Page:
Ruth Bader Ginsburg, a champion of women's rights and one of the Supreme Court's most liberal justices, has died. She was 87.
Ginsburg, who had been the court's eldest justice, had suffered from several health problems in recent years, including a recent recurrence of cancer in her liver (Greenwire, July 17). She died "surrounded by her family at her home in Washington, D.C., due to complications of metastatic pancreas cancer," the Supreme Court said in statement released today.
Former President Clinton appointed Ginsburg to the nation's highest bench in 1993. She was the second woman to serve on the court.
Her death leaves an opening on the Supreme Court, which President Trump could fill. Trump has already placed Justices Neil Gorsuch and Brett Kavanaugh on the bench, and a third pick would more deeply entrench the court's conservative majority. The president recently released an updated list of prospective Supreme Court justices (Greenwire, Sept. 10).
Such a shift could affect how the court comes down on pending challenges to the Trump administration's environmental agenda. Trump's efforts to roll back Obama-era vehicle emissions, water permitting and other standards could eventually reach the justices.
Best known for her advocacy for equality between the sexes, Ginsburg was also thought of as a reliable vote for environmental interests that argued before the high court. In practice, her jurisprudence was much more complex.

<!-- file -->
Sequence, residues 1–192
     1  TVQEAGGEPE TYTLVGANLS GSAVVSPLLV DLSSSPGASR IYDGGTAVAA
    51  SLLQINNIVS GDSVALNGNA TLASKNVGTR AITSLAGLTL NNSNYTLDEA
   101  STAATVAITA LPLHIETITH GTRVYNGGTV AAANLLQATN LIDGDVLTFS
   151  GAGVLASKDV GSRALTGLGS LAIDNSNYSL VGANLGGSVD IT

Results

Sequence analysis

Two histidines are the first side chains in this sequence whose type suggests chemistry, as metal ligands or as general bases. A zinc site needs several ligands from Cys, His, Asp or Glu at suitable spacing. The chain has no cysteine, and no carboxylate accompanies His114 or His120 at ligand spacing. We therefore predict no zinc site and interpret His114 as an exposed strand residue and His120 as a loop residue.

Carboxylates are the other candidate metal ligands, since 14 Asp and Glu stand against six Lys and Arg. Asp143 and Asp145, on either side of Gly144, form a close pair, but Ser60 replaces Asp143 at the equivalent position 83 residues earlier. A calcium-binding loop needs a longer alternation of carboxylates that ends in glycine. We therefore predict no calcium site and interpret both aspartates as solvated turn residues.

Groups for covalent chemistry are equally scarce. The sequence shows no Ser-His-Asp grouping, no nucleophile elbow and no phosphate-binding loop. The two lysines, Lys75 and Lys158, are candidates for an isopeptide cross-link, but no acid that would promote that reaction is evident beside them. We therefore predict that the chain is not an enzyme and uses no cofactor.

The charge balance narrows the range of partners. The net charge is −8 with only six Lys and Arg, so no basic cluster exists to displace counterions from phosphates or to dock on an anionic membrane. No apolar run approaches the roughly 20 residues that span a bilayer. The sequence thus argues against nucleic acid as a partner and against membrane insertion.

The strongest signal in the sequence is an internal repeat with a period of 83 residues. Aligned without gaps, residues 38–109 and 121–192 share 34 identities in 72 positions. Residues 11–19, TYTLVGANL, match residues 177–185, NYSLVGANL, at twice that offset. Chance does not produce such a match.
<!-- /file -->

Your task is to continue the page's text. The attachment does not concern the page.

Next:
In the landmark climate case American Electric Power Co. Inc. v. Connecticut, Ginsburg led the court's unanimous opinion that said private entities and states could not sue power companies for their contributions to climate change under federal common law.
The 2011 case followed the court's 5-4 decision — Ginsburg was in the majority — in Massachusetts v. EPA, which said that the federal government has the authority to regulate greenhouse gas emissions as "air pollutants" under the Clean Air Act.
"The Act itself thus provides a means to seek limits on emissions of carbon dioxide from domestic power plants — the same relief the plaintiffs seek by invoking federal common law," Ginsburg wrote in American Electric Power.
"We see no room for a parallel track."
Similar questions have come into play in a recent set of lawsuits from cities, counties and one state that are attempting to get big oil firms to pay for the local impacts of climate change. Attorneys for the municipalities have argued that their nuisance claims can move forward in state court.
Ginsburg also joined the court's liberal wing in dissents in a pair of landmark Clean Water Act cases. Those minority opinions in Solid Waste Agency of Northern Cook County v. Army Corps of Engineers and Rapanos v. United States expressed support for a more expansive definition of jurisdictional waters under the Clean Water Act.
Before her appointment to the Supreme Court, Ginsburg served on the U.S. Court of Appeals for the District of Columbia Circuit after she was appointed by former President Carter.
Ginsburg started her career in academia. She taught at Rutgers University and her alma mater Columbia Law School, where she transferred from Harvard Law School after her husband, Martin Ginsburg, took a job in New York City.
Martin Ginsburg died in 2010. The couple met as undergraduate students at Cornell University and had two children, James and Jane.
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